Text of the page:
Optus labelled reports that it was in "advanced talks" to transfer its cable customers to the National Broadband Network as "speculative" but at least one prominent analyst believed a deal made "total sense".
The Australian Financial Review reported today that Optus' 425,000 hybrid-fibre coaxial (HFC) customers could be moved to the next-generation fibre network, although it did not cite a source or support its claim.
Rival Telstra will transfer its cable broadband customers to NBN Co in an $11 billion draft deal announced in June.
Optus did not deny that it was holding discussions with NBN Co but disputed the extent of the discussions.
"The article in today's AFR is speculative," an Optus spokesman said.
"Like all retail service providers, Optus is engaged in ongoing discussions with NBN Co, DBCDE [Department of Broadband, Communications and the Digital Economy] and the industry more broadly around next steps for the NBN."
Telecommunications analyst Paul Budde thought it likely that NBN Co would be interested in Optus' customers given the Government company's deal with Telstra.
"The Government has to do similar deals with other providers," Budde said.
"They can't just favour Telstra."
Budde speculated that NBN Co could also be interested in securing the services of Optus' engineers.
"They're likely to be interested in [Optus'] customers and what infrastructure skills and services Optus has that NBN Co can use," Budde said.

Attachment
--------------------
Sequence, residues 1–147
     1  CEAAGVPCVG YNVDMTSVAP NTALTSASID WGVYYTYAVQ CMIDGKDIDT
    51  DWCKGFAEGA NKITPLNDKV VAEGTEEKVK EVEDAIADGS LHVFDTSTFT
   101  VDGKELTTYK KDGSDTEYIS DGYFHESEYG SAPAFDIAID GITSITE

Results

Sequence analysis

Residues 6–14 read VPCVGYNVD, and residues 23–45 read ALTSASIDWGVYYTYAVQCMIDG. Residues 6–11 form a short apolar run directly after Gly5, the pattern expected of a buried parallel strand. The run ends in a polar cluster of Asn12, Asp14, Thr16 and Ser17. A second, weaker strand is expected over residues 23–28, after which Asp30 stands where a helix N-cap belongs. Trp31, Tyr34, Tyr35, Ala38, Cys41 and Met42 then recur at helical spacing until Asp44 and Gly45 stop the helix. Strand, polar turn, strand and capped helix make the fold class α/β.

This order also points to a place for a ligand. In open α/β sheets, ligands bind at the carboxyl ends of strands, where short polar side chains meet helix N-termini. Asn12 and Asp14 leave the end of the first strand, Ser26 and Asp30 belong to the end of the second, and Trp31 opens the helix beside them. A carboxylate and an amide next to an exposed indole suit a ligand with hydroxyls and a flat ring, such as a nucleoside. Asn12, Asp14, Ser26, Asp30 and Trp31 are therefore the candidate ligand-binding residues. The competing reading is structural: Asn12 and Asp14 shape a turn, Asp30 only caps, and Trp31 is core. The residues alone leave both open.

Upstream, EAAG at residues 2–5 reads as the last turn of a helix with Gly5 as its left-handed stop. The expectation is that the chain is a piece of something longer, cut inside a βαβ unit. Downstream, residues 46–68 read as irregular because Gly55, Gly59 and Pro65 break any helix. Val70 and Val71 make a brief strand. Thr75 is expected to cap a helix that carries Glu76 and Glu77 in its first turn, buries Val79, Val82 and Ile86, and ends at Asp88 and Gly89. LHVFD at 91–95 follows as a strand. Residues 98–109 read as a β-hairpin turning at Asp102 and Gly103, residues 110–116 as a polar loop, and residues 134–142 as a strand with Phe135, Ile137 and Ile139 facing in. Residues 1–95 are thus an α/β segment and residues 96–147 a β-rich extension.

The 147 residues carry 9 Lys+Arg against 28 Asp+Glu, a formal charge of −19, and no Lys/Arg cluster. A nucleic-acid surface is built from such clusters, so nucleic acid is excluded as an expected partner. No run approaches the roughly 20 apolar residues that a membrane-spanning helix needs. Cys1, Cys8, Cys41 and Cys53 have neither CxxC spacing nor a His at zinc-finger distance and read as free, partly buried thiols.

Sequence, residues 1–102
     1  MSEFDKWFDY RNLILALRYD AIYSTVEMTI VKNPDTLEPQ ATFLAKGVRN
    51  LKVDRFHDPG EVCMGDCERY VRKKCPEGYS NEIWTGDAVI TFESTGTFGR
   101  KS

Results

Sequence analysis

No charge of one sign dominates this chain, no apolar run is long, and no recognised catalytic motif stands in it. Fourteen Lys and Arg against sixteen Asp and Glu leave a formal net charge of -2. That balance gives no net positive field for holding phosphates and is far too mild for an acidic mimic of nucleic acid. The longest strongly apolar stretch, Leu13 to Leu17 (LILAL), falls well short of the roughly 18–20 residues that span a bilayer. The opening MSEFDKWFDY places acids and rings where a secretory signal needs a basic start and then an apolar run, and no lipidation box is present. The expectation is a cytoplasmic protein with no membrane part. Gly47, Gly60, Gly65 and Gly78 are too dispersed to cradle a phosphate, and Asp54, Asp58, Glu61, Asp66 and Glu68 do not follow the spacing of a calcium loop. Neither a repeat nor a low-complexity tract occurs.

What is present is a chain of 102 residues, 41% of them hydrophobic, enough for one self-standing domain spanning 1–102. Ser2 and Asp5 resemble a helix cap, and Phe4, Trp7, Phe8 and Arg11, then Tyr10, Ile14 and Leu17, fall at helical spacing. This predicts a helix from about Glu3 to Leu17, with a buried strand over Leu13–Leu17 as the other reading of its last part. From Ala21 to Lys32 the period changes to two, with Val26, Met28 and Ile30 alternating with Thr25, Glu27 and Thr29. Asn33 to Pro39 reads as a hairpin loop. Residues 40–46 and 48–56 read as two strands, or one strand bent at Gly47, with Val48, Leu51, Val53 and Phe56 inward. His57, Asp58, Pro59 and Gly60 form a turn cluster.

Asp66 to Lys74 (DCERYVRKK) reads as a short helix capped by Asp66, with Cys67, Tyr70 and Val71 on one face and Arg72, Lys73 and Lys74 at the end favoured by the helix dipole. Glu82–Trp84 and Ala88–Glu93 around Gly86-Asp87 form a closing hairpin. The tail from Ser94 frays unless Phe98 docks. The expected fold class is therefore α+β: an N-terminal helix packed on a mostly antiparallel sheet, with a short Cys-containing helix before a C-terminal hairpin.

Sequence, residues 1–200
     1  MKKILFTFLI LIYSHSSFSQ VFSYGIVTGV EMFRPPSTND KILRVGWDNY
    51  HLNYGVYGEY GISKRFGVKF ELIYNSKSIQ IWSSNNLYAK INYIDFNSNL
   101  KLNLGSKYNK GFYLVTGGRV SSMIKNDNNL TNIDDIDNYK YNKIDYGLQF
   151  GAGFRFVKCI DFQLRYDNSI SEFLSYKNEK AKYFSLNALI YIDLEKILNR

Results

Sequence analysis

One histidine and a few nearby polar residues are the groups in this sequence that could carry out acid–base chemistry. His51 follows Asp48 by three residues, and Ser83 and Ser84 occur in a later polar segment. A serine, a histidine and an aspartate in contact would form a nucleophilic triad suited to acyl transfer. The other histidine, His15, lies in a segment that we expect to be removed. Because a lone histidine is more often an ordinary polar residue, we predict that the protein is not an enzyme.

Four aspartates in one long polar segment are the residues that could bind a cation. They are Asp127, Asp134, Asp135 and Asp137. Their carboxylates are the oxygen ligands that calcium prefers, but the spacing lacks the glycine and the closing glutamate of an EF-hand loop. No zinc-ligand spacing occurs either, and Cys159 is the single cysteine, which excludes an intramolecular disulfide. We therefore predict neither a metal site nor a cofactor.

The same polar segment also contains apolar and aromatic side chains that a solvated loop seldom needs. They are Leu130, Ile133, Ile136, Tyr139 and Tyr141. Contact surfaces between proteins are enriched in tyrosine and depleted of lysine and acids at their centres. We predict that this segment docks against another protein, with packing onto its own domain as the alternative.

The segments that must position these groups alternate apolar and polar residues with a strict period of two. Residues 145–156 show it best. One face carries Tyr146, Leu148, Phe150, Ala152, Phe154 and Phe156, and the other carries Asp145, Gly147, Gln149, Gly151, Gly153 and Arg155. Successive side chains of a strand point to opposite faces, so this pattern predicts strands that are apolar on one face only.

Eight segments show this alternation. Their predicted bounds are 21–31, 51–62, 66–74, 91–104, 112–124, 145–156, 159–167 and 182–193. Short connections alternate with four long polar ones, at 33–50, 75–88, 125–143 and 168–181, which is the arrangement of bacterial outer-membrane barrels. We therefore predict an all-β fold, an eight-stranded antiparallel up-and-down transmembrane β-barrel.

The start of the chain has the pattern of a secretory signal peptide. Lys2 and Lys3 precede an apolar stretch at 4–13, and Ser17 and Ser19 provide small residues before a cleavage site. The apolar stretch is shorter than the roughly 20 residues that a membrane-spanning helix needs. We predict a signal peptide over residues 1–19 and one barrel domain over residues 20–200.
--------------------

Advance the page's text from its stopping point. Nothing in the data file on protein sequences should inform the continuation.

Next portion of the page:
"If that's the case, there could be an outsourcing or leasing contract... where Optus is providing infrastructure services along those lines."
Budde did not think that NBN Co would also be interested in recycling Optus' cable.
He said that about 80 percent of the such networks in Australia were duplicated (known as "overbuild" in industry parlance), a result of Telstra and Optus following each other down the same streets in the '90s before the wasteful practice was halted.
"There would be a lot of duplication [with Telstra's cable network]," he said.
Even if NBN Co was to sort out which HFC cable assets were most useful, it wouldn't be as easy as ripping and replacing the coaxial cable with fibre to ready its network for the NBN, he said.
The ageing fibre sections in HFC networks could also need replacing.
"They [NBN Co] have to be very specific about what fibre is in the ground before they can start making sensible positions on what they can and can't use," Budde said.